Until about half a century ago, to write meant to write in a cursive script. The distinction between typographical and cursive styles of writing was kept alive by the custodians of national education.
It was inconceivable at the time to allow typographical styles to invade the handwritten space. To write by hand was achieved with minimum penlift, whether it was calligraphic – like so many specimens from the 16th to the 20th century – or not.
Cursive script began to decline in English-speaking countries first, while more and more people started to write in ways resembling printed text.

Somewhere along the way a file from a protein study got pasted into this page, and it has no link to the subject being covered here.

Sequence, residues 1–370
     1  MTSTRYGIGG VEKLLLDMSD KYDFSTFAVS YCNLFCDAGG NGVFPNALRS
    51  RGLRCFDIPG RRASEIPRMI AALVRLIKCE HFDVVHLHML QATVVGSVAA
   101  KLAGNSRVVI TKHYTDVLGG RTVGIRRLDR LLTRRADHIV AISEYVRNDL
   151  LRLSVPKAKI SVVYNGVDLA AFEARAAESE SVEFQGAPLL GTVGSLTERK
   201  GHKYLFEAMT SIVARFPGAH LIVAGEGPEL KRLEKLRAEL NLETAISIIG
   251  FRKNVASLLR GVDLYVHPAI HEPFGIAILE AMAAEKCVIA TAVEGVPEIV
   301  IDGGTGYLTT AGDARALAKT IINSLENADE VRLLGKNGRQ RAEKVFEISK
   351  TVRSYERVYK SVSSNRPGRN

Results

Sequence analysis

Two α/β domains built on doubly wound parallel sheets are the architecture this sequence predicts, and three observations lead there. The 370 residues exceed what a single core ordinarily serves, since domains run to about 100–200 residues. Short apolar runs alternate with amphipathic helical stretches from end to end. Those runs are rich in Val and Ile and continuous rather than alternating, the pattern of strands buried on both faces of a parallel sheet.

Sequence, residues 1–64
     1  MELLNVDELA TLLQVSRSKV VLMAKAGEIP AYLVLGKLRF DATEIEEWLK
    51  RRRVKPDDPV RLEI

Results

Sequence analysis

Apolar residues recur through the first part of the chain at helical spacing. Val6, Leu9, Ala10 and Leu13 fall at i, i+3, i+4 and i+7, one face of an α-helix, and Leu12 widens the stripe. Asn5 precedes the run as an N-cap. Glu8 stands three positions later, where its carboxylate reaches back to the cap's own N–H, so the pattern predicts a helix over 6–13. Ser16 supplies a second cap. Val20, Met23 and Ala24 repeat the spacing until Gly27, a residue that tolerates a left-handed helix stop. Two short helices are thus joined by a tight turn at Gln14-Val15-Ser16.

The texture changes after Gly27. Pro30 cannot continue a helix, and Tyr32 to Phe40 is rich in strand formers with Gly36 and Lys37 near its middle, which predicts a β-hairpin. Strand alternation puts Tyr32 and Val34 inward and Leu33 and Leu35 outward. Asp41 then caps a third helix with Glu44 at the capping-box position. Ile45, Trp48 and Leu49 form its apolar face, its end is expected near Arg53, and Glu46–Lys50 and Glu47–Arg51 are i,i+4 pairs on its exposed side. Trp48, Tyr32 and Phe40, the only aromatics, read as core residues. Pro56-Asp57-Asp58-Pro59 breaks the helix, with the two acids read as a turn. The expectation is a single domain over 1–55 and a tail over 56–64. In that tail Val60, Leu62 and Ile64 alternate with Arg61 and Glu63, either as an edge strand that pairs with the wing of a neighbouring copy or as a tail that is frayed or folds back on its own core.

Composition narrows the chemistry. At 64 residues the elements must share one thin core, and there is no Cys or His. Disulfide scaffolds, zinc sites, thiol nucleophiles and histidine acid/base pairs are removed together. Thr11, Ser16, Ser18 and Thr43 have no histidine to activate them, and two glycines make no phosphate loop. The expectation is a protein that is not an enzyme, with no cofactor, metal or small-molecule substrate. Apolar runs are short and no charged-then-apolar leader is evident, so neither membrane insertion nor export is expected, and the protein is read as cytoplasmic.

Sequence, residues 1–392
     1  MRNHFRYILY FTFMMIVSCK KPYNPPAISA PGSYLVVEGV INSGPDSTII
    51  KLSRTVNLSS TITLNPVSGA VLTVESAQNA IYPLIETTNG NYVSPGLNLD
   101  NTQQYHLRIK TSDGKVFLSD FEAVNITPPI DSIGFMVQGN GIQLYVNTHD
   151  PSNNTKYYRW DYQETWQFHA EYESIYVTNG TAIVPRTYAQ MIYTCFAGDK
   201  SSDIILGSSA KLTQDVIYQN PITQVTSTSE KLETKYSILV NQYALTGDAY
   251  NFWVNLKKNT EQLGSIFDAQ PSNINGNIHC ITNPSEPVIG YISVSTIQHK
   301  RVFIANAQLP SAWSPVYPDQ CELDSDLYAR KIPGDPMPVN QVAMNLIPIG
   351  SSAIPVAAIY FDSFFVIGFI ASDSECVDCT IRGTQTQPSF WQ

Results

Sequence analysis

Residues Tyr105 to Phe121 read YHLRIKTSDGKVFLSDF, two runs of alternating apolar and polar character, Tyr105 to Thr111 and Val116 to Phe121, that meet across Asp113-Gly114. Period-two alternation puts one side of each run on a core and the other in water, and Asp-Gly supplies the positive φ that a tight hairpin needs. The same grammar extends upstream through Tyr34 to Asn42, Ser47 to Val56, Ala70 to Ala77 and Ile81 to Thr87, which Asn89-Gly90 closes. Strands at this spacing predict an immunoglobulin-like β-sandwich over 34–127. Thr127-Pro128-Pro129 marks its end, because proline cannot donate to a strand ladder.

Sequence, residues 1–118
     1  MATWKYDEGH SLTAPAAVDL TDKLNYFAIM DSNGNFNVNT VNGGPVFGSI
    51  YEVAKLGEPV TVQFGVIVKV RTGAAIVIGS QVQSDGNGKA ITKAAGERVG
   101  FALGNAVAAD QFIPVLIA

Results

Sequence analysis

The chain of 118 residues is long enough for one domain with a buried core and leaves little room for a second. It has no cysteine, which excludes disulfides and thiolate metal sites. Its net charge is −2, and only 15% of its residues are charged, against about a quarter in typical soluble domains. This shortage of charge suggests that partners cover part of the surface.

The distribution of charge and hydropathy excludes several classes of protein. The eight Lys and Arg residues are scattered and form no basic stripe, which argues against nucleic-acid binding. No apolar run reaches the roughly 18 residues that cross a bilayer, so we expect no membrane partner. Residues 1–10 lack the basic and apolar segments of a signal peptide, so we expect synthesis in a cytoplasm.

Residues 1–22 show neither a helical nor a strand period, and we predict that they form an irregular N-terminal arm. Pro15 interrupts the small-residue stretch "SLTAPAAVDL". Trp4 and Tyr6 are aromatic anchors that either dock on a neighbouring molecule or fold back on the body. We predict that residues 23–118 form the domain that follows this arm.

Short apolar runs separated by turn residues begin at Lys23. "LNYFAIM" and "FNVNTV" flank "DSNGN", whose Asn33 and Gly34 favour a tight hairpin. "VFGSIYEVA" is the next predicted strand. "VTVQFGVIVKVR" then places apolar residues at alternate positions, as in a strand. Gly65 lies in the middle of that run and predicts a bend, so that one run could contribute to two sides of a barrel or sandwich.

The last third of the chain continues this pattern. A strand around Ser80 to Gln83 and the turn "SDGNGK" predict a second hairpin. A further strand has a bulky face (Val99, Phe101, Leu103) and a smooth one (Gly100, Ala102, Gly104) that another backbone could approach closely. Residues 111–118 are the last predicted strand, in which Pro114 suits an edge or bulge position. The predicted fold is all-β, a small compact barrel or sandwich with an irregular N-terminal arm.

The choice between cursive or type is a zero-sum game: what cursive achieves in speed, it loses in readability. Cursive is a fast script but it may not be readily legible by most people. Typographical letters take longer to draw but everyone who’s read a book will recognise them instantly.
Cursive is difficult to read, but it is also more personal than what the imitation of printed letters can achieve.
And besides, people are difficult to read anyway, so why should their writing, one of their most intimate practices, be any different?
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